Three months later came the annual exams. I don’t know what questions were given, the masters gave us carbon copies and some white sheets to write. I don’t know what I wrote but remember I was promoted to grade II. We were some 20 students including four or five girls, already marriageable as the society thought. Now I knew or learned from my company, knew the iskool rules perfectly, was aware of dirty hands and feet, teeth, nails and neck, was aware of homework, aware of the fight that took place among the hungriest of us on the way home or the swimming over the deep pond by the Miwa river sometimes barely saving oneself from sinking into it for ever. One of our little friends Gore lost his life in one rainy month. He didn’t know the river was flooded. I still remember how his hands fidgeted in the deep waters before he was finally swept away by the bluish currents down the big boulders.
In grade II we still could not use fountain pens, and there were no ball pens invented I think. There were color pencils but we could not use them, only teachers.
We did without any textbooks in grade I and II. But the teachers managed to teach us a few words– Sunday, Monday; January, February, One, Two, Three, Four etc. from their own books. Many of us became perfect writers of the junge a b c d but we had no books. Sometimes I would read the Thulo Varnamala and satisfy myself.
I got a double promotion to grade IV. I was delighted and excited. My Maldai was happier than me though we didn’t know the meaning of it. I brought some chocolates and some other prizes home. In grade IV we got a set of textbooks; my mother bought them for me at a ‘second hand price’ from a neighbor who was selling her son’s books. She paid her some ghee, some bananas and may be 4 to 8 annas. Nothing has ever brought me such happiness. Father was away that winter, I remember.
On Saturdays too I used to go to the garden, climb a tree and turn the pages of the books, especially English and Nepali. Maldai would sit by me and turn his pages; his was a different book of Sanskrit usually. But the Devnagari was quite inferior to English. Maldai was truly surprised and asked, “Saila, how do you read the English book? Will you read some lines for me?” His heart was full of such longings. I sometimes would boast “Since you know nothing it’s no use wasting time, the master would kill me.” But he would come closer and look at me with very innocent, dark eyes, seemed to smile from the corner of his lips and imploring eyes, silently, mysteriously, and lovingly. How dear he was. And still he is so for me.
Dumbfounded, Maldai would stare at my face, my lips and moving eyes. Perhaps I was straining very much to decipher the strange, meaningless things from my English textbook. I would read; my brother tried to guess the meaning and failed. I failed too. Yet I pretended to know something wonderful my teacher had taught and would sing, swinging my head specially for my Maldai:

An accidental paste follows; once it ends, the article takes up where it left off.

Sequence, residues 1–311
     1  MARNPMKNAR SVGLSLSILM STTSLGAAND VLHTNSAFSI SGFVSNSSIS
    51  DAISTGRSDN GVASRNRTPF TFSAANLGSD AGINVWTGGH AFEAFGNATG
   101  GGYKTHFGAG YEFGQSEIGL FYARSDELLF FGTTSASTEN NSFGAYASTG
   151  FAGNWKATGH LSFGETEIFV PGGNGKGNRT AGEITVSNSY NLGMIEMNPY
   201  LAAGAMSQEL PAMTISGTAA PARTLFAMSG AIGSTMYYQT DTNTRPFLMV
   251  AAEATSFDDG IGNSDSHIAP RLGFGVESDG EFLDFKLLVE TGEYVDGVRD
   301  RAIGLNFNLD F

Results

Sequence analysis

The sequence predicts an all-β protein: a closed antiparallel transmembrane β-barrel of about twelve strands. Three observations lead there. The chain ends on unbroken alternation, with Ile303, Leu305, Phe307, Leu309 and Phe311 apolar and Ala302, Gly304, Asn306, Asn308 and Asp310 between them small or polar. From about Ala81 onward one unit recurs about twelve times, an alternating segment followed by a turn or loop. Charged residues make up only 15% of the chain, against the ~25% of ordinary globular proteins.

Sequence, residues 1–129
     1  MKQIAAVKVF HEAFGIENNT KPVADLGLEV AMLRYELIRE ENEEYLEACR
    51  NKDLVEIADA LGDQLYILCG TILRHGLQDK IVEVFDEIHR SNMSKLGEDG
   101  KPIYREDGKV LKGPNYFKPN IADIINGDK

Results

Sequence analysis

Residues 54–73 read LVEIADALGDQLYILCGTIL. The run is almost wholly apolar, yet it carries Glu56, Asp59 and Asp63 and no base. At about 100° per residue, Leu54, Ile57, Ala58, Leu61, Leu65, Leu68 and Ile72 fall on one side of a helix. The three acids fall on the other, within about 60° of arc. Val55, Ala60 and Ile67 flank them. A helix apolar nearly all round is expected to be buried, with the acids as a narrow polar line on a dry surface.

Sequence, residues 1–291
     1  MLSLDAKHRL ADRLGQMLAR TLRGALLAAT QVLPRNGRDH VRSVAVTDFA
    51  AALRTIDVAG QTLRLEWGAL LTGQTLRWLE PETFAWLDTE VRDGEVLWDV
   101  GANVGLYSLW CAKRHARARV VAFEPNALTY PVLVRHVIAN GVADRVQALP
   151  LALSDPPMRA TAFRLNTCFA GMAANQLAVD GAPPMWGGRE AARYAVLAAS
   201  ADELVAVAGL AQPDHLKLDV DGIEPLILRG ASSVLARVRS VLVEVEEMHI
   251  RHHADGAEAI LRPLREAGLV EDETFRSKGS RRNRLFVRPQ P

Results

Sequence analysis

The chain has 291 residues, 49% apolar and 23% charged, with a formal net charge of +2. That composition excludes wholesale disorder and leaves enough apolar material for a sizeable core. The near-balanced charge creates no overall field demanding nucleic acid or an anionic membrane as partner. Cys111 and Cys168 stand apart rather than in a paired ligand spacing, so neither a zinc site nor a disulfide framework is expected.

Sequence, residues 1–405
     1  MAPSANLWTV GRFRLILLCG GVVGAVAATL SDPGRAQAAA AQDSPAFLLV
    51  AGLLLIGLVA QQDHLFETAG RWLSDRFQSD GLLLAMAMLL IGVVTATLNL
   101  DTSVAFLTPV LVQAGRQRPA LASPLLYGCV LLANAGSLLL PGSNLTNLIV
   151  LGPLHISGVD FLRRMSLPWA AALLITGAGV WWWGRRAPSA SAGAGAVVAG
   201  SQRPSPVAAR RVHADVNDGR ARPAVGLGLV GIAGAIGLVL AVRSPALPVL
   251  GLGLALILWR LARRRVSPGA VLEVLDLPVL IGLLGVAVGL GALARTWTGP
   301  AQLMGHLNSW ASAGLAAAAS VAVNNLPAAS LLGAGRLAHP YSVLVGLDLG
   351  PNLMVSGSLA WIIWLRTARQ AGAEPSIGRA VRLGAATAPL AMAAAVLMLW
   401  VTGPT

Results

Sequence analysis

Hyallow Marsing, How do you ?
Hyallow Gopal, How do you do?
The teacher had taught us that way so without knowing anything, we just imitated and pronounced Hyallo Marsing How do you do? It sounded English but a sheer meaningless thing it was. Today I remember the teacher had taught us Mr. Sing as Marsing because Mr. could not be pronounced otherwise, as it is lacking a vowel. He had rightly invented the Marsing pronunciation. He would give stress on the word Hyallow though it was simply Hello. We learnt the meaningless rhyme by heart Hyallow Marsing, How do you? I didn’t know the meaning of how do you do until I did my bachelors degree in Kirtipur some 35 years ago.
Maldai and I were childhood friends and shared the same bed for many years. We would study together in the warm glow of firewood and sometimes in a kerosene lamp nearby. But it was more expensive than medicine. Mother would just watch us in case we got sleepy so early. Sometimes I got angry and thought, why is this illiterate woman forcing me to read since she knows nothing? I know English… When it was late and piles of firewood exhausted and all our body was full of ashes, we would jump to our bed. Mother knew it was enough. We used to keep our books or bags close to our pillow or used it as one.
One night I had a very bad dream. I woke up frightened. Some giant or ghost was chasing me and I was trying to catch hold of my mother. Terrified, I told the dream to her and said– we don’t like to sleep in that corner. It’s a horrible place so would like to change. Mother consoled me– I will cure everything, I know the medicine, don’t worry my sons. Then she brought some ashes in a scoop from the glowing hearth and sprayed it around our bed: Now keep the Gita book under the pillow, and no bad dream will chase you she said. In the meanwhile Maldai spoke: I keep the Gita and Chandee books under my pillow, and a small Khukuri too, but Saila puts his bag.
“Oh I see, I got the point saila, do you keep that English book there too? Gods will be angry and they will chase you in dreams,” said my mother.